Her broad perspective was dead on when she combined both a practical and an "esthetic shift," offering a setting where professionals /amateurs and developing horses alike could compete over the same track with descending heights throughout the day so that you could Jump - Assess - Repeat. Opposite the "convention" of Big, Bigger, Biggest by day's end, this system offers a logical reprieve from that formulaic approach.
First, you can be scored in the data base on your first round (after all, how accurate is a jumper score if the horse has addressed the same jumps 3 times prior til they get it "right").
Secondly, if you want a "RE-DO," it's about 1/2 the price of the already reasonable first round ($35 dollars /then $25 for each subsequent round). But more importantly. if you had hit a rough spot, you can go jump it. Again, but lower so the green horse /rider leaves with MORE confidence NOT LESS.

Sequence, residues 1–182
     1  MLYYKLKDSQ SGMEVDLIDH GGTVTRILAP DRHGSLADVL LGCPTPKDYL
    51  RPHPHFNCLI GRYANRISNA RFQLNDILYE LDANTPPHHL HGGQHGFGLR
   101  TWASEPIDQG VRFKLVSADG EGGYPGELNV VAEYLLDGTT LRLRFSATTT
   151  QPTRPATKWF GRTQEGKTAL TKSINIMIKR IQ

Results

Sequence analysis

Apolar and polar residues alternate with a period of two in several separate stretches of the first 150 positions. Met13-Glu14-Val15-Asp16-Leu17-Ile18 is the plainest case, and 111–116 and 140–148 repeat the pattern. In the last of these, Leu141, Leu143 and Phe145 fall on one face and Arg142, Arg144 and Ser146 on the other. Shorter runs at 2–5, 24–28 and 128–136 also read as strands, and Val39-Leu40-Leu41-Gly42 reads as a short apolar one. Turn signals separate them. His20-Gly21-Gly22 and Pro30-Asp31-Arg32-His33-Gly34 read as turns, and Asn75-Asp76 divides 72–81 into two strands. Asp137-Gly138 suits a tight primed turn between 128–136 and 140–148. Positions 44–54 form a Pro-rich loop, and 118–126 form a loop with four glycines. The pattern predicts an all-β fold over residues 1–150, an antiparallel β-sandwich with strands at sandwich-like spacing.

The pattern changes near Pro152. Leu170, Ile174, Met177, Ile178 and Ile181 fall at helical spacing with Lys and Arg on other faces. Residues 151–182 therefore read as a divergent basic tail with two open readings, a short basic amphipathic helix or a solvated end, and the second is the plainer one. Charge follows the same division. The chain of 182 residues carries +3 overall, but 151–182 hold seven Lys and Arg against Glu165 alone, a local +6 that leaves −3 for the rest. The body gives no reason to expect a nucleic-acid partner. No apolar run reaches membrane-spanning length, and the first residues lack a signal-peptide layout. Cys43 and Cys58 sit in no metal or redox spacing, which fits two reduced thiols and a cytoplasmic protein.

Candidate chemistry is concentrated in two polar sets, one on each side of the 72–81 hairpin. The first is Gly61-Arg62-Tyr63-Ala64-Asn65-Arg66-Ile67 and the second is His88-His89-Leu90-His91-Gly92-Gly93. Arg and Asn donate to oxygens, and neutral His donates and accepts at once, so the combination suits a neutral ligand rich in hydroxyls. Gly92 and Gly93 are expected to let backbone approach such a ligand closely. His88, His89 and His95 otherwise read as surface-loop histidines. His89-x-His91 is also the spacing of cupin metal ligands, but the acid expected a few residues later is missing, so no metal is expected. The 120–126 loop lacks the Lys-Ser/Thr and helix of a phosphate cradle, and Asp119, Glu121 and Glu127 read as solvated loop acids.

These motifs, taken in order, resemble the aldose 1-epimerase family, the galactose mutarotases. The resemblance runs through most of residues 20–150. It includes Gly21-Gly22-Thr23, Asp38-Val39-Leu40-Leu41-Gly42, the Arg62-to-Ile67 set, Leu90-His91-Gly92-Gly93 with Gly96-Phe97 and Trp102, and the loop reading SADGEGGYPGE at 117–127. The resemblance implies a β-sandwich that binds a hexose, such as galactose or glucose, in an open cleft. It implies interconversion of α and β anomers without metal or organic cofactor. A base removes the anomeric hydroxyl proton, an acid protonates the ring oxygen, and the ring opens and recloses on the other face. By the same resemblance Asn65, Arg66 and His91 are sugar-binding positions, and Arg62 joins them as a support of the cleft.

How may times have you had a tough time in the AA jumper class and your choices are limited to (A) waiting for tomorrow or (B) jumping a bigger track? Neither of these make sense to anyone who has just felt a bit "over faced."
Linda wasn't there to CLINIC per se, but her generosity and real desire to make sure everyone learned and had fun had her dispensing tips that made all the difference!!!! This is a GREAT IDEA that was beautifully executed.